ASM Attends UN General AssemblyASM President, Susan Sharp, Ph.D., joined global leaders at the United Nations General Assembly in New York today in a historical meeting to focus on the commitment to fight AMR.
Dates: 1898 to Cornell; 1902 to Berkeley; 1910 to Philippines; 1919 to USDA
Locations: Assistant in Dairy Bacteriology, College of Agriculture, Cornell and Dairy Bacteriologist to Experiment Station (1898‑1901); Veterinarian, Calif. Experiment Station, Univ. of Calif., (1902‑1906); Assist. Prof. of Bacteriology and Dir. of State Hygienic Laboratory (1906‑1910); Veterinarian and Bacteriologist to the Alameda County Medical Milk Commission; Instructor in Bacteriology at San Francisco Veterinary College; Territorial Veterinarian for Philippine Islands (1910‑1914, 1915‑1919); Dir. Div. of Pathology, Bureau of Animal Industry (1915, 1919); Goshen Laboratories, Goshen, NY (early 1920's); some where in Chicago (early 1920's); Dairy Research Laboratory, Frederick C. Mathews Co., Detroit (mid 1920's);
Training: B.S.A. Cornell 1898; DVM Cornell 1901; under Moore
Fields: dairy; veterinary; milk; poultry pathology
Publications: Moore and Ward, "An Inquiry Concerning the Source of Gas and Taint Producing Bacteria in Cheese Curd," Bull. Cornell Agr. Exp. Sta. no. 158 (Jan. 1899); "Ropiness in Milk and Cream," Bull. Cornell Agr. Exp. Sta. no. 165 (1899); "The Invasion of the Udder by Bacteria," Cornell Univ. Agric. Exp. Sta. Bull. no. 178 (1900); "Ropiness in Milk and Cream," Cornell Univ. Agr. Exp. Sta. Bull. no. 165 (1900); "Further Observations upon Ropiness in Milk and Cream," Bull. NY Agr. Exp. Sta. no. 195 (1901); with Reed, "The Significance of the Presence of Streptococci in Market Milk," American Medicine (14 Feb. 1903); "Hog Cholera," Cir. Calif. Agr. Exp. Station no. 3 (1903); Ward and Haring, "Bovine Tuberculosis," Bull. California Agr. Exp. Sta. no. 99 (1908); "Fowl Cholera," Bull. Calif. Agr. Exp. Station no. 156 (1904); with Haring, "Bovine Tuberculosis," Bull. Calif. Agricultural Experiment Station no. 199 (1908); Pure Milk and the Public Health (Ithaca: Taylor and Carpenter, 1909); Ward and George S. Baker, "Experiments with the Intradermal Test for Tuberculosis in Cattle," Am. Vet. Rev. 38 (1910): 184; "Bacterium pyognes and its Relation to Suppurative Lesions in Animals," J. of Bact. 2 (1917): 619; with B.A. Gallagher, a textbook on poultry diseases (1917)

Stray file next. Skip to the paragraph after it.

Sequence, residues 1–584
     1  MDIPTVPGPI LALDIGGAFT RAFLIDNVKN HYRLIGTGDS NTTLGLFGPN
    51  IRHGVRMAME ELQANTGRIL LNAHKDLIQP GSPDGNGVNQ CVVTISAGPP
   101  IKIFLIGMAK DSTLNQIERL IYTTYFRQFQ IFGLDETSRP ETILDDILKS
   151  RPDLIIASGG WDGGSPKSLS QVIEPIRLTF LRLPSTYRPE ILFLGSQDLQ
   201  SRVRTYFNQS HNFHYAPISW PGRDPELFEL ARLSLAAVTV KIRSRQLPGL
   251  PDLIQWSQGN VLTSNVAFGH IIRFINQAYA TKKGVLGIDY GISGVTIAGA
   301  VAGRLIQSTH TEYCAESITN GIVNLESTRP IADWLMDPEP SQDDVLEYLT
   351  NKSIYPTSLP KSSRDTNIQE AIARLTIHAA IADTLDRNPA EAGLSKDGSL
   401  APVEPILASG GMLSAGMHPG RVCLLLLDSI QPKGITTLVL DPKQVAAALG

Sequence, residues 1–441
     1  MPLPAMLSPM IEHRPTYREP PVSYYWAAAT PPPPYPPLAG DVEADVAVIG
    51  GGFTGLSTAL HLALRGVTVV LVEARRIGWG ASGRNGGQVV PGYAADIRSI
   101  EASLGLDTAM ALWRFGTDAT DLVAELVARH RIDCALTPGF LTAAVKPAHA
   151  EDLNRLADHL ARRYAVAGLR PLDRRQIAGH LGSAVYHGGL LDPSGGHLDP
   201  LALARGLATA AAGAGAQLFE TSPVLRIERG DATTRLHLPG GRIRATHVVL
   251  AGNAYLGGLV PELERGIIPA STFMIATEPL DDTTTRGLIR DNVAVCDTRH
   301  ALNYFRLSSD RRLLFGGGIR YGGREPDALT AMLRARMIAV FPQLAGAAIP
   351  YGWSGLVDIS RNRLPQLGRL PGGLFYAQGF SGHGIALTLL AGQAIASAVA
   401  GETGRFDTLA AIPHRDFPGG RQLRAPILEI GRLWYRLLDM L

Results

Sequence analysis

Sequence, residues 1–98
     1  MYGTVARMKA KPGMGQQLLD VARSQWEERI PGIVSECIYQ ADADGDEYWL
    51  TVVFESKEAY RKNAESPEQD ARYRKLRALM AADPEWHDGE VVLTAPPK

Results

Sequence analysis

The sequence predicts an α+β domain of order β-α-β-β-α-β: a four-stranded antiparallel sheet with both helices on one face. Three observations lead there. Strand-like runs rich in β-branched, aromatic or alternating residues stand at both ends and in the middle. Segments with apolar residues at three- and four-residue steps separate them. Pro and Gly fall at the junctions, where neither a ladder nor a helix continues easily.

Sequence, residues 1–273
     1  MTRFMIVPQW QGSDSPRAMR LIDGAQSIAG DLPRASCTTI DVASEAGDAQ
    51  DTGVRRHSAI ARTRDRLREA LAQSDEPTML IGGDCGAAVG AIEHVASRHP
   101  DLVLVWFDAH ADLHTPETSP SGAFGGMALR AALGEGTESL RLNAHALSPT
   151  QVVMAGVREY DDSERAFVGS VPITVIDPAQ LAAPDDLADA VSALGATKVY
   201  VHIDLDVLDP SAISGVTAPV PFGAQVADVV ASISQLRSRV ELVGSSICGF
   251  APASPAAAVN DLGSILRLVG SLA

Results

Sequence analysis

SAB Involvement: Charter SAB member; Ward was abstract editor for Comparative Pathology of Abstracts in Bacteriology
Archive Files: "Reminiscences in Dairy Bacteriology," SAB archives, 7‑IIA.9.9; Two scrapbooks containing clippings relating to dairy bacteriology, tuberculosis, etc
At Cornell, Ward was an instructor in dairy bacteriology and researcher in the Agricultural College, while taking classes as a student of V. A. Moore in the Veterinary College. Moore offered that, after a year of general bacteriology, Ward could do advanced work on the problem of the bacterial flora of udders while taking his senior courses. The study involved making cultures from freshly slaughtered dairy cows resulting from tuberculosis work.
At the 1900 meeting of the SAB, Ward presented a paper on "Bacillus lactis viscosus, a Cause of Ropiness in Milk and Cream," which was discussed by Conn. Ward warned that many textbooks mistakenly stated that the organism grew so slowly as to not be a problem in milk. At the same meeting, Reed and Ward presented "Persistence of Streptococci in the Healthy Udder of a Cow." They suggested that healthy cows could harbor the streptococci associated with mammitis in a similar fashion to diphtheria or pneumonia organisms in healthy throats.
Initially worked on poultry diseases, establishing a Poultry Pathology Station in Petaluma. He studied fowl cholera and avian tuberculosis, anthrax, hog cholera, and blackleg. Around 1901, Ward confirmed that B. lactis viscosus was the primary organism responsible for slimy or ropy milk. This organism grew well at low temperatures (45 to 50), and consequently was able to overcome lactic‑acid types in the winter. He also studied, with Moore, the bacterial flora of cows’ udders.
At the 1903 meeting of the SAB, Ward submitted on "Notes upon an Outbreak of Fowl Cholera," but there is no evidence that he actually presented the paper at the meeting. At the 1905 meeting, he outlined "The Quantitative Determination of Leucocytes in Milk," and advocated the Doane‑Buckley method over the Stewart method. The paper was discussed by Prescott, Rickards and Bergey.
Ward returned to the SAB program in 1915, to describe a "Bacterium pyogenes Associated with a Case of Multiple Arthritis in a Hog." At the 1916 meeting, he discussed "Bacillus Pyogenes and its Relation to Suppurative Lesions in Animals." At the 1917 meeting, he discussed "Tests of a Vaccine Prepare for Immunizing Against Bird Pox (Epithelioma Contagiosum) in Fowls." And, while listed at Goshen Laboratories, he presented at the 1921 SAB meeting on "The Etiology of Polyarthritis in Swine."
For the 1923 SAB meeting, Harding and Archibald Ward, both F.C. Mathews employees, discussed the "Thermophilic Bacteria in Composite Samples from Milk Plants."